Completed in June 2017, the mixed-use development includes a community club, sports and recreation center, public library, polyclinic, a senior care center and public green space. In addition to the abundance of greenery, solar heat and radiation is mitigated with tapered facade glazing, solar fins and optimized passive solar conditions. A rainwater collection system and gray water system were also integrated into the building to ensure responsible and sustainable water use.

MAD Architects
Beijing-based architectural firm MAD Architects has won a competition for Zhejiang’s Yiwu Grand Theater with a proposal that’s stunning, sculptural and site-specific. Inspired by the Chinese junks that once sailed on the city’s Dongyang River, the Yiwu Grand Theater mimics the form of a glass-walled boat floating on the river while its subtle curves echo the Jiangnan-style eaves found in the region’s ancient vernacular architecture. Its facade of layered glass sails will be semitransparent to reduce overall energy consumption through passive solar means.

As the world’s largest wholesale commodities market, Yiwu has built its reputation on commerce, not culture. In a bid to elevate its soft power, the city hosted an international competition to design the Yiwu Grand Theater, a hub of arts and culture to be located on the south bank of the Dongyang River. The building will include a 1,600-seat grand theater, a 1,200-seat medium theater and a 2,000-person-capacity international conference center. The project will also offer new and easily accessible public green space with an amphitheater and large open plaza that extends into the water on its southern edge.

“The ‘Yiwu Grand Theater’ has been designed as a monument for the city that will serve to connect inhabitants to the waterfront from a new perspective,” the architects explained. “In its completion, it will stand as a world-class venue that will attract visitors from around the globe, putting Yiwu on the map as a cultural destination. The transparency and lightness of the glass express the texture of thin, silky fabric, creating a dynamic rhythm that makes them appear as if they are blowing in the wind. They act as a protective canopy around the building, resonating with the river, elegantly floating above the water’s surface, setting a romantic atmosphere.”

In addition to giving the Yiwu Grand Theater a sense of lightness in spite of its size, the semi-transparent glass curtain wall also helps to reduce heating and cooling costs while letting in ample amounts of natural light. In winter, the glass creates a solar greenhouse effect but can be opened up in summer to promote natural ventilation. The Yiwu Grand Theater is expected to begin construction in 2020.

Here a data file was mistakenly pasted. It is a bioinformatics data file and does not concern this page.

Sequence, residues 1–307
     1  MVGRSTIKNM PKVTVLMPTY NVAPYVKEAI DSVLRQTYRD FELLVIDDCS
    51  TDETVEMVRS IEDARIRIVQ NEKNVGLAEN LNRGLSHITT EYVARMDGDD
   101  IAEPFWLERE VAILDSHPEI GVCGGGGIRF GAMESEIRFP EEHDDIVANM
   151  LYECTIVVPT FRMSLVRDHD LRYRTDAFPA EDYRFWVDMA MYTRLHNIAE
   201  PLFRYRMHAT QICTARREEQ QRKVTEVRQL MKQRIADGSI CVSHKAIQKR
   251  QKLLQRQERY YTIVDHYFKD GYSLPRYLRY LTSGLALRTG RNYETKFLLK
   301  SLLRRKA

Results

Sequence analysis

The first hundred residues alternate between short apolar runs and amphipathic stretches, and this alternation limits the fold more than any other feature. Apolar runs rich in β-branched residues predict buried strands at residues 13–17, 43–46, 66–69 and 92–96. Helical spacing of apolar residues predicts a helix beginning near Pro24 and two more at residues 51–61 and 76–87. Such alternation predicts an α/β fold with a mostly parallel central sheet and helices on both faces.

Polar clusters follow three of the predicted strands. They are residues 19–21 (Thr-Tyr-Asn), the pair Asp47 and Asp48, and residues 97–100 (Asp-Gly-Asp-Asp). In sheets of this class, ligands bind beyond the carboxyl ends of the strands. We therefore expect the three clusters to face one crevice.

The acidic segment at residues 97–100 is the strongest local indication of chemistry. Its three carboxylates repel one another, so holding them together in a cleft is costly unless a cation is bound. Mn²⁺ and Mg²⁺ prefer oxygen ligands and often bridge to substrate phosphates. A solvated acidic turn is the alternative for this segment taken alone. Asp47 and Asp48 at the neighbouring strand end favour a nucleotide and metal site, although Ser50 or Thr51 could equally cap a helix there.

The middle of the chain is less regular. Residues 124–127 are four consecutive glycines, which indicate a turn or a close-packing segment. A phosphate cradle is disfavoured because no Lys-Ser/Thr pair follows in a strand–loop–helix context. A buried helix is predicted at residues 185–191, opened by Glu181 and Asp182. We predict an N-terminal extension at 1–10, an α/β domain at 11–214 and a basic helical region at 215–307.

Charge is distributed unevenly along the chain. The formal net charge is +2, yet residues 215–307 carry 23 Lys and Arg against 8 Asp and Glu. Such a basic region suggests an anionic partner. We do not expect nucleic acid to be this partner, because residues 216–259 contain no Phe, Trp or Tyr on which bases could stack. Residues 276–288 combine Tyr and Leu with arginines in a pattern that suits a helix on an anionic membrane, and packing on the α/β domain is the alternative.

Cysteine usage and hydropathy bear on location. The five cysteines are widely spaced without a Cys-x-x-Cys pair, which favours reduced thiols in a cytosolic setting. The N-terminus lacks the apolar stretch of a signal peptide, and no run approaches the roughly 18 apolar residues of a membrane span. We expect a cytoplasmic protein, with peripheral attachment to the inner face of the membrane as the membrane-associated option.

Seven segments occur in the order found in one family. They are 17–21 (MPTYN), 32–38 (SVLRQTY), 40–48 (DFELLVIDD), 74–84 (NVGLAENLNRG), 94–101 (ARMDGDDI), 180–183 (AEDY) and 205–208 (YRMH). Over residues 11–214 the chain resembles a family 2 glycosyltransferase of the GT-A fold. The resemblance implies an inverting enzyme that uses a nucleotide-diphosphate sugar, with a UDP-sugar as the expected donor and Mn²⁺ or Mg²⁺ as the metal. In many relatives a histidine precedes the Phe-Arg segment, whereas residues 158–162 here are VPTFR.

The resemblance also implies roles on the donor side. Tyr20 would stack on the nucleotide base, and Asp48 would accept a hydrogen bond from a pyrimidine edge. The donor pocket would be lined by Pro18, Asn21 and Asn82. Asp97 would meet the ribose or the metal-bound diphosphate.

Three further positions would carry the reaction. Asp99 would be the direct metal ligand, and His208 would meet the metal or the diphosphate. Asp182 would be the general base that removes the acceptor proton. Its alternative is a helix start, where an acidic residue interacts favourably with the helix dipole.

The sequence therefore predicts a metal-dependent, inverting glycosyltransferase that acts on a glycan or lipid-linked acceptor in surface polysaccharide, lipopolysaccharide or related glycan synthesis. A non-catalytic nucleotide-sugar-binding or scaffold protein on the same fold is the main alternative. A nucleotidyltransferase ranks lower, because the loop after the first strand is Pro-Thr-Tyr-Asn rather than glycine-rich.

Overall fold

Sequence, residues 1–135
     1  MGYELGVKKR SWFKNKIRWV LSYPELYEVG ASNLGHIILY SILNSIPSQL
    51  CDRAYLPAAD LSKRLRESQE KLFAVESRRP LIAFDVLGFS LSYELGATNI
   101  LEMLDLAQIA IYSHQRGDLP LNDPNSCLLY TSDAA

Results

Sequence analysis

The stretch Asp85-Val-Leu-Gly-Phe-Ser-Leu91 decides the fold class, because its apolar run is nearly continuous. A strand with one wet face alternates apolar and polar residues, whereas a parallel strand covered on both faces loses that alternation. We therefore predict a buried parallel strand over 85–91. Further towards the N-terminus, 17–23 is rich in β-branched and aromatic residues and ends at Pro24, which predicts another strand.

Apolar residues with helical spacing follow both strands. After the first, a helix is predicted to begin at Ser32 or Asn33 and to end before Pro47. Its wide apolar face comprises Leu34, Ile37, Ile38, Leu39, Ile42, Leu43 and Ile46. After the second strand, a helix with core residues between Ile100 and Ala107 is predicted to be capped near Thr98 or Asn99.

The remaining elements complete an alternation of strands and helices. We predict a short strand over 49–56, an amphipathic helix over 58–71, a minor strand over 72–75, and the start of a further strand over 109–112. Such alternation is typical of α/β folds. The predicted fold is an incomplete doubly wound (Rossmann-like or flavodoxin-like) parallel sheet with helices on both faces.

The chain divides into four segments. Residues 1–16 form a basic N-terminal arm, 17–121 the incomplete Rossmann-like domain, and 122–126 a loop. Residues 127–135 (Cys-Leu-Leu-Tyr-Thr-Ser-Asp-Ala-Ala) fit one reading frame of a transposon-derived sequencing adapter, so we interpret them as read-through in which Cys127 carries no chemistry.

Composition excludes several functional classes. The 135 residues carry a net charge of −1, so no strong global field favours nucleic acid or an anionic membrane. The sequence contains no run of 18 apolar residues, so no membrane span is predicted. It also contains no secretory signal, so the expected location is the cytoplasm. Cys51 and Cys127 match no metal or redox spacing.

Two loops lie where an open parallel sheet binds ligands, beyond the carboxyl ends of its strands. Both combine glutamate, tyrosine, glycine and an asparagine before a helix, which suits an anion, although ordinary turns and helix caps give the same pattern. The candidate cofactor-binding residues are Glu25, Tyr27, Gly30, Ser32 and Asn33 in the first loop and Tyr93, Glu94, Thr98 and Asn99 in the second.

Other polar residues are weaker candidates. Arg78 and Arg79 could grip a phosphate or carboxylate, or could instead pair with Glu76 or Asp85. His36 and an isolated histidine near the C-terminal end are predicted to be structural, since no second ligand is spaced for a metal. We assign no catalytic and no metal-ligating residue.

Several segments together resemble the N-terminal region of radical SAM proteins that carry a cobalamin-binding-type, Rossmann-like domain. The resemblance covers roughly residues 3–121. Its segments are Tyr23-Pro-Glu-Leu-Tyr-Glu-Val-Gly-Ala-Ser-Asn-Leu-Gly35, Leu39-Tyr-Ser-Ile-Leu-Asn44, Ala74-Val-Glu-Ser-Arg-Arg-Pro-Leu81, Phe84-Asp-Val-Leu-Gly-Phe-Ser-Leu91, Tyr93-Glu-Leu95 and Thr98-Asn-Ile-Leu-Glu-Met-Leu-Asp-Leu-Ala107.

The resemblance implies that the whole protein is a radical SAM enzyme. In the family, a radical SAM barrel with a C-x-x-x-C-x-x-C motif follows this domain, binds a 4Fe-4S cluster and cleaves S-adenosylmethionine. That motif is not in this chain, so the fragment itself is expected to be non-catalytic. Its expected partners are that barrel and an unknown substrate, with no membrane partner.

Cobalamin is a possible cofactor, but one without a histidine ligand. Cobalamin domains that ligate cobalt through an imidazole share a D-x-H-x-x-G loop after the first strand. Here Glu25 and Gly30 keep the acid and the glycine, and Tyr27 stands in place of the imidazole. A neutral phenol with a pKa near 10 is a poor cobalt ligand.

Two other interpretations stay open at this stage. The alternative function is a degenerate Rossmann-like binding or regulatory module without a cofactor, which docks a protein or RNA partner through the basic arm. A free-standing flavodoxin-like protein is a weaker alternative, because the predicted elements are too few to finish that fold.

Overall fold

Plus, Katerra offers an update on its K90 project in Las Vegas, Google pledges $1 billion toward affordable housing in the Bay Area, and more design-tech news from this week.

Bjarke Ingels Group (BIG) and UNStudio are working with digital agency Squint/Opera on the development of Hyperform, a design platform that facilitates collaboration in 3D augmented reality. Initially prototyped last year, Hyperform allows multiple users to work in scale models as well as immersive 1:1 environments. Users can also create still renderings as well as video recordings. "In the future every physical object will be connected to one another, sensing each other and everything in between," BIG founder Bjarke Ingels said in a press release. "For every physical object there will be a digital twin. For every physical space a virtual space. Hyperform is the augmented creative collaborative environment of the future which will allow an instantaneous confluence of actual and imagined realities—the present and the future fusing in our augmented sense of reality." [Squint/Opera]

In its latest project, New York–based SoftLab has created a "circular constellation" in Manhattan’s Seaport District that features 100 sensor-enabled glowing poles that emit different colors and sounds based on visitors' touch. [ARCHITECT]

This week, tech giant Google pledged to invest $1 billion in land and money to construct houses to help ease the housing crisis in the Bay Area. Over the next 10 years, the company has promised to convert $750 million of its land that is currently zoned for commercial development into residential property for some 15,000 new houses. Additionally, Google will establish a $250 million investment fund to assist developers in creating 5,000 affordable housing units. "In the coming months, we’ll continue to work with local municipalities to support plans that allow residential developers to build quickly and economically," the company writes in a press release. "Our goal is to get housing construction started immediately, and for homes to be available in the next few years." [Google]

Menlo Park, Calif.–based technology and construction company Katerra has released an update on K90—its ambitious garden apartment project in Las Vegas that the company is aiming to complete in 90 days. While slab-up construction typically takes 120 to 150 days, Katerra is believes it can deliver in a little over half the time using proprietary tools such as a material auditing app that alerts construction teams to incoming materials—which are delivered directly to installation point rather than a general project-site drop-off—wall panels that have pre-installed electrical wiring, and its bath kit that includes carpet, tile, plumbing fixtures, hardware, wood trim, light fixtures, light sources, and mirrors. [Katerra]